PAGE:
Mind-melting questions

In the chamber

There has been a lot of complaint in the media that the general election is boring. Not in Scotland, it’s not. We could hardly feel more at the centre of things. The election focus that built up while members were out and about in their constituencies over the Easter recess continued as they returned to parliamentary business and I expect that we will only see more of it between now and 7 May. First Minister’s question time on Thursday saw fierce exchanges between the First Minister and Kezia Dugdale and Ruth Davidson respectively. Kezia Dugdale majored on an SNP general election candidate’s twitter feed, and Ruth Davidson picked Lord McCluskey’s comments on corroboration. Shortly after Nicola Sturgeon became First Minister the media were bemoaning the lack of conflict at FMQs; while Thursday was very polite, it was hardly what could be described as consensual.

In committee

Easily the most fascinating committee meeting last week was the Finance Committee’s meeting on Scotland’s fiscal framework. It was an example of the extraordinary complexities that underlie further devolution. The convener began the meeting as follows:

I open by saying to Jim Cuthbert that his Holtham indexation relative population growth equation caused a lot of chat in the pub last night. A lot of the lads disputed some aspects of the equation and the findings. No doubt we will continue that discussion tonight while watching the football.

You will more readily understand the tone in which that comment should be read when you see the equation that the convener is referring to: Holtham2 For a more in-depth look, you can consult the committee’s papers for the meeting of 22 April 2015. I’m just glad that no-one read the equation out for inclusion in the Official Report! John McLaren, from Fiscal Affairs Scotland, who was the other witness on this subject, described the issues under discussion as

mind-melt questions.

Those among us whose maths stops short of that equation might agree. Jim Cuthbert, who is from the Jimmy Reid Foundation, pointed out that under the existing regime mistakes made in the Treasury had both advantaged and disadvantaged Scotland, but that getting to the bottom of those errors was difficult because of the lack of openness and transparency. He cautioned that,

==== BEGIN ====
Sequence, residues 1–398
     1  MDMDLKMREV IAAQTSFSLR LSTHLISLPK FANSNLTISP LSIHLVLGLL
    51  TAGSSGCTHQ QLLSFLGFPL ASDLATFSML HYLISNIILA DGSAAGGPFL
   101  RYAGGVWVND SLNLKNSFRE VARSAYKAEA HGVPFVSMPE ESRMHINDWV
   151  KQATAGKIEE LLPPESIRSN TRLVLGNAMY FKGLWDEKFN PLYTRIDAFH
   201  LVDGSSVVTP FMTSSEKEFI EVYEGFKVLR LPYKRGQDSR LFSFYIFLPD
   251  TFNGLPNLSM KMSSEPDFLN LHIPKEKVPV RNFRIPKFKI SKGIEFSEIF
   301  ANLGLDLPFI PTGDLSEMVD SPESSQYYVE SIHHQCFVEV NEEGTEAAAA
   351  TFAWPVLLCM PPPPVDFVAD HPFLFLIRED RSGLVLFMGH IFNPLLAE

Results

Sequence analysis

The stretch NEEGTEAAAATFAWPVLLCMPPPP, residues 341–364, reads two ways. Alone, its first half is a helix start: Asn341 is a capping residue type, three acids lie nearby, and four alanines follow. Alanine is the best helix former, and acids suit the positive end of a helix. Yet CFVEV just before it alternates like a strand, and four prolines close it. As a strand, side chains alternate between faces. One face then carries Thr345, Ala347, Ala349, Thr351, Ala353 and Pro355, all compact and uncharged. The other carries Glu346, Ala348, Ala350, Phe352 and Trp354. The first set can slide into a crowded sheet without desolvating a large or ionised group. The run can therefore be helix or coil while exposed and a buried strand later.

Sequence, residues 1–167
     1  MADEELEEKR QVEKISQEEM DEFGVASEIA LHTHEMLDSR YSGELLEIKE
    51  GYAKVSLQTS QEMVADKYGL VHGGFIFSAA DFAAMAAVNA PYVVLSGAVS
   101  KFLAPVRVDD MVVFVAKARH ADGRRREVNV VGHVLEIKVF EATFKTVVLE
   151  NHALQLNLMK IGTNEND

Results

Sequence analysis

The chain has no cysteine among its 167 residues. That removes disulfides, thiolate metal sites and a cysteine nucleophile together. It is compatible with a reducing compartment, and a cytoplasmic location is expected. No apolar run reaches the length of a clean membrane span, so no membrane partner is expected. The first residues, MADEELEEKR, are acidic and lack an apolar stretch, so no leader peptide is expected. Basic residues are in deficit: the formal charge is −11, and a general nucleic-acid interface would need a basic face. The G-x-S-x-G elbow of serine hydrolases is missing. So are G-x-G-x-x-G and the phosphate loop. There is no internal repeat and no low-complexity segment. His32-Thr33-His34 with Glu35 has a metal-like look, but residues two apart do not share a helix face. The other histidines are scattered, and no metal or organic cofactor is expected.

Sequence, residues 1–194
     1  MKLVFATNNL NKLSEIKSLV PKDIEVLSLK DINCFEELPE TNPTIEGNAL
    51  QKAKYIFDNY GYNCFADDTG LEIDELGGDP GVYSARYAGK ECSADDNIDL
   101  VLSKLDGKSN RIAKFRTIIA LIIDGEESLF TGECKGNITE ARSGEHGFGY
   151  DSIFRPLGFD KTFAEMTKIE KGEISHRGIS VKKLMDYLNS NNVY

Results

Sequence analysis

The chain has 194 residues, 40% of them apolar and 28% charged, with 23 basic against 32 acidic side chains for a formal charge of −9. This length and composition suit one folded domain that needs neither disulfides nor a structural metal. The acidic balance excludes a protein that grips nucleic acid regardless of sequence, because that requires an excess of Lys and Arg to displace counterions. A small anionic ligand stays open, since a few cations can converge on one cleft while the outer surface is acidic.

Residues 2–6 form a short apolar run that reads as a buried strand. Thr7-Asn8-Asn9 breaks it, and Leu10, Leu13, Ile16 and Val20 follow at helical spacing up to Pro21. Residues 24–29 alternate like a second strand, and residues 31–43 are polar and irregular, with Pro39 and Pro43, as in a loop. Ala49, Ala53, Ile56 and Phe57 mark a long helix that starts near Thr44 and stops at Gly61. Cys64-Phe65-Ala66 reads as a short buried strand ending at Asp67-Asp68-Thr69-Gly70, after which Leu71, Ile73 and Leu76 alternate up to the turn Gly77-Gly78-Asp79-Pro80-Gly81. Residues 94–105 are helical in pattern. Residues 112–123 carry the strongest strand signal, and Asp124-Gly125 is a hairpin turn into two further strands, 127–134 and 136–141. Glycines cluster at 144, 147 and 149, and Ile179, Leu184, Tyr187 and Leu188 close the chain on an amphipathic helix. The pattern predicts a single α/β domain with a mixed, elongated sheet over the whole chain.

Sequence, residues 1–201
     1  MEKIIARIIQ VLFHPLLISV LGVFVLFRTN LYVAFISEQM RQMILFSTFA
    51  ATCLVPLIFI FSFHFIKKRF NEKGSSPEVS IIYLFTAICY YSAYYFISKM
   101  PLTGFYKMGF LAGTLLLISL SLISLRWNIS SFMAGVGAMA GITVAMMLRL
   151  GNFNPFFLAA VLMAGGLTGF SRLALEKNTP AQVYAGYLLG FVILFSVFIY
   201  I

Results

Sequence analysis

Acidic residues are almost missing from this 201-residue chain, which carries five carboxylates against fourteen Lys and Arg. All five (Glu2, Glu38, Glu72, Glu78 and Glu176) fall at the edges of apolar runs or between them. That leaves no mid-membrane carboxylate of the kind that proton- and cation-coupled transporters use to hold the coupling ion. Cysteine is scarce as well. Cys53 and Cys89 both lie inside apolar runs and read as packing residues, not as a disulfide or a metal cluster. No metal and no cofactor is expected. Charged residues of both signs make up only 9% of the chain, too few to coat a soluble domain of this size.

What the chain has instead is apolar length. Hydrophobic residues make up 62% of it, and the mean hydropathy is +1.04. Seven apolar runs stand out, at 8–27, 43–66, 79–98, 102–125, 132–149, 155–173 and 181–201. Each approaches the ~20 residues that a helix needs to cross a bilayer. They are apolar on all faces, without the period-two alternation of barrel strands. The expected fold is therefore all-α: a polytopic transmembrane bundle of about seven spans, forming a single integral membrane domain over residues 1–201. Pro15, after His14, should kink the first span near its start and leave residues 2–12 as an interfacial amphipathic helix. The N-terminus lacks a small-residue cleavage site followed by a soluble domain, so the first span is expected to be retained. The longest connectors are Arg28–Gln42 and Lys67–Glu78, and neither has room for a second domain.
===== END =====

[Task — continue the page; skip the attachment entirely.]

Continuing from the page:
We are now moving into a much more complicated system where we are still trying to make basic changes to link changes in the block grant to public expenditure in the rest of the UK or in England, while at the same time we want to discount parts of that public expenditure because it gets publicly funded in England by its own resources. Trying to work around that is horrendously complex, so if under the previous system we did not know what was happening to the tune of billions either way, in future the potential for argument and mistakes will be immense. It looks like an almost unworkable system; it is certainly one that is fraught with difficulty and dispute.

As well as agreeing on the complexity of what lies ahead, John McLaren and Jim Cuthbert agreed that the Smith commission was too hasty. John McLaren said:

It is clear that the Smith commission was done in haste, but it was also demanded in haste, so Smith was meeting his remit.

Jim Cuthbert’s view was:

The Smith process was done in far too much of a rush—it was seven weeks from beginning to end. It is just not possible to redesign a constitution in seven weeks. It is a botched job in some important respects, but in other important respects, it is a remarkable job. A group of politicians were brought together under an accountant: the result is, in many ways, a remarkable political document.

The last word went to John McLaren and is, as the convener said, a point well made:

As we have seen, the matter is complex. Despite the convener’s experience in the pub last night, the issue is not being debated, and it is certainly not understood outside. When the final solution comes, I do not know how much of a surprise it will be to the Scottish public. Some way to get across what is involved and to get feedback on whether that is what people want would be beneficial. I am not quite sure how that would be done. We have had the referendum and we have had Smith. Now we must give people something that they may not understand or want—or that they may want but not exactly in the form given. Increased interaction with the public would be good.

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